WEES Workshop and Seminar: Dr. Kamiel Spoelstra

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Spectrum dependent effects of light at night:

The colour composition of illumination defines impact on behaviour and habitat loss of different species (Orion C3020, 16.00h)


Dr. Kamiel Spoelstra

Researcher - Netherlands institute of Ecology (NIOO-KNAW)

The presence of light at night is a major challenge for ecosystems. Nocturnal illumination has shown a dramatic increase over the last decades and continues to increase. Evidence showing negative impact of artificial light at night on species and ecosystems is accumulating: effects vary from direct mortality to disruption of species’ natural behaviour. The impact of light may be particularly severe for insects, rodents, bats, and amphibians as these species strongly depend on darkness. For a long time, knowledge on the impact of light was limited to short-term effects, often observed near existing illumination and just for standard spectra. How light colour affects species is particularly important as the current transition from traditional light sources to LED lighting allows for custom spectral adaptation. 

I therefore study the long-term impact of experimental light on species in their natural environment. This is done using standardized protocols in a citizen science approach combined with highly automated data collection systems. The results show a strong variation in the response of both diurnal and nocturnal species to the presence of artificial light. Birds show clear individual responses, with no detectable population effects after several years. Bats respond very strongly to light; however, the impact is very different between species and light colour, and highly depends on specific foraging ecology. Other mammals show various responses, but small mammals are generally strongly affected, irrespective of light colour. Insects respond very strongly, however, the impact on local moth populations around experimental lights is latent. Behavioural experiments in the lab and in the field reveal consequences on spatial and temporal behaviour of multiple species. Generally, the outcome indicates that light colour is highly important, and hence the spectrum has to be considered when illuminating infrastructure in or near sensitive ecosystems.

Workshop (Orion C4042, 13.30)

Assessment of behavioural responses on environmental stressors in the field

In the workshop two topics are discussed: the first is the problematics of long-term assessment methods of different species in the field. Often, data are best collected such that these are optimal for answering specific questions. However, long-term monitoring protocols should be rigid, and hence limit these possibilities hereto. Other problems are the logistics behind the monitoring of inconspicuous, nocturnal species. The second topic is the assessment of temporal changes in activity of species. As many species respond to environmental stressors by changing their daily timing of activity, it is often difficult to discern between direct and indirect responses, although these may have very different ecological consequences.

As preparation for the workshop please read:

Spoelstra, Kamiel, Roy H. A. van Grunsven, Jip J. C. Ramakers, Kim B. Ferguson, Thomas Raap, Maurice Donners, Elmar M. Veenendaal, and Marcel E. Visser, 2017. Response of Bats to Light with Different Spectra: Light-Shy and Agile Bat Presence Is Affected by White and Green, but Not Red Light. Proc. R. Soc. B: 284 (1855): 20170075. https://doi.org/10.1098/rspb.2017.0075.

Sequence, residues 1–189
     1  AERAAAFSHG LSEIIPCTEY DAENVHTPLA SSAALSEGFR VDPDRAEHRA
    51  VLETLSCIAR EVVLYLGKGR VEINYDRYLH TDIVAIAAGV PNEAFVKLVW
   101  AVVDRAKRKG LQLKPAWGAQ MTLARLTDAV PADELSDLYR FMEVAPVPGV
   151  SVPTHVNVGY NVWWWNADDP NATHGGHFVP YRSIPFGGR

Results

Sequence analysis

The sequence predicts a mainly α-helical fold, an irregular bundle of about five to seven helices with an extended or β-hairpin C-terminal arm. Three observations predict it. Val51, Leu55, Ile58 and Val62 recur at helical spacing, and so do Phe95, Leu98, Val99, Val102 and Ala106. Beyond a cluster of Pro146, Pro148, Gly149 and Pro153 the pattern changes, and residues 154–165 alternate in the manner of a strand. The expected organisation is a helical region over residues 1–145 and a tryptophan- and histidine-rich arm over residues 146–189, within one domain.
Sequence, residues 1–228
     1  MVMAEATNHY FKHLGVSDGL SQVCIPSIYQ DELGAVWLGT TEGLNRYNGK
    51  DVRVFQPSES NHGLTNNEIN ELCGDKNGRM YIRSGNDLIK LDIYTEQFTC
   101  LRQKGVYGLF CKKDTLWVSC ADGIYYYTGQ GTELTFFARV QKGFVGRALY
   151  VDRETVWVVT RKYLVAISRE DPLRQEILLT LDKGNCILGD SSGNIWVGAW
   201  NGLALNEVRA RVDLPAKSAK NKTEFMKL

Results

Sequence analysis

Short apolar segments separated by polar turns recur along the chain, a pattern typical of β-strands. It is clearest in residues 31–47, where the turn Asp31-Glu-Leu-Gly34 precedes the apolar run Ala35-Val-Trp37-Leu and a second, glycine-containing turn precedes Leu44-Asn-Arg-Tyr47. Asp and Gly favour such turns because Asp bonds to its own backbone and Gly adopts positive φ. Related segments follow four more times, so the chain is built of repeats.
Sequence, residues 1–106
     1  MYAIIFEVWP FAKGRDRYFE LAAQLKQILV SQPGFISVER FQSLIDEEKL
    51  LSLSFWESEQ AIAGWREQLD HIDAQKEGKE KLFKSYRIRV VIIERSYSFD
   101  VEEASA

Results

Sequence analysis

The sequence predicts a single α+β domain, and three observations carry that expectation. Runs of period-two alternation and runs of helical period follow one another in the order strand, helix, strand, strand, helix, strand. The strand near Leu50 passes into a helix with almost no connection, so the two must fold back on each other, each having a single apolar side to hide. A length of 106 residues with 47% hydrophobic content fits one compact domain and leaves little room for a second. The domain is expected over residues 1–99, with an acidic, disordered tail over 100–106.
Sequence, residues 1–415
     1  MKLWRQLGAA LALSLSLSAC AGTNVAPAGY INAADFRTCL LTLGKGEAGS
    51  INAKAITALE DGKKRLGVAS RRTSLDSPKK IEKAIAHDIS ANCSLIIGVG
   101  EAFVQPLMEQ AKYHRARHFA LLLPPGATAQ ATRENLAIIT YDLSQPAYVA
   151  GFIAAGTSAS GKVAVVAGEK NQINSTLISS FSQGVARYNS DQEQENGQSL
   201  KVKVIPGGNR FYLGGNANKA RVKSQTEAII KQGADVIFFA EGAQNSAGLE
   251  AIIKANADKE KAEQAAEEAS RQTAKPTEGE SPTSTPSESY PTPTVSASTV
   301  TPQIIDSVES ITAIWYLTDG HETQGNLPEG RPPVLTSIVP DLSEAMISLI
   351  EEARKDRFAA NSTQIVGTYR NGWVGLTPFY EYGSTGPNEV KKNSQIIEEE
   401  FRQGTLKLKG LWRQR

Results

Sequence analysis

Spoelstra, Kamiel, Irene Verhagen, Davy Meijer, and Marcel E. Visser, 2018. Artificial Light at Night Shifts Daily Activity Patterns but Not the Internal Clock in the Great Tit (Parus Major). Proceedings of the Royal Society B: 285 (1875): 20172751. https://doi.org/10.1098/rspb.2017.2751.

De Jong, Maaike, Jenny Q. Ouyang, Arnaud Da Silva, Roy H. A. van Grunsven, Bart Kempenaers, Marcel E. Visser, and Kamiel Spoelstra, 2015. Effects of Nocturnal Illumination on Life-History Decisions and Fitness in Two Wild Songbird Species. Philosophical Transactions of the Royal Society of London B: Biological Sciences: 370 (1667): 20140128. https://doi.org/10.1098/rstb.2014.0128.

(References also available upon registration)

The workshop for those interested is organized from 13:30 to 15:00 in room C4042, Orion building. Registration is required (space limited to 15), email Nelleke Buitendijk.The workshop gives attendees the possibility to meet the speaker of the seminar and have a discussion based on a recent publications. The workshops are a good possibility to get acquainted with hot topics in science and to learn how to discuss these topics with leading scientists in the field. Furthermore, BSc and MSc students can get 1 ECTS for attending 2 workshops.


WEES background

WEES is an initiative of PhD students and postdocs at Wageningen University to organize a continuing series of stimulating seminars on contemporary topics in evolution and ecology. We aim to bring together different groups at Wageningen University using a variety of systems, but with a common interest in evolutionary and ecological questions. For this series we invite researchers from all over the world who have leading roles in their field. After the talk there will be drinks for an informal discussion. WEES is funded by graduate schools PE&RC, WIMEK, EPS, VLAG, and WIAS.

For more information please visit:www.weeswageningen.nl,Like us on Facebook, orjoin the Facebook Groupfor more participation.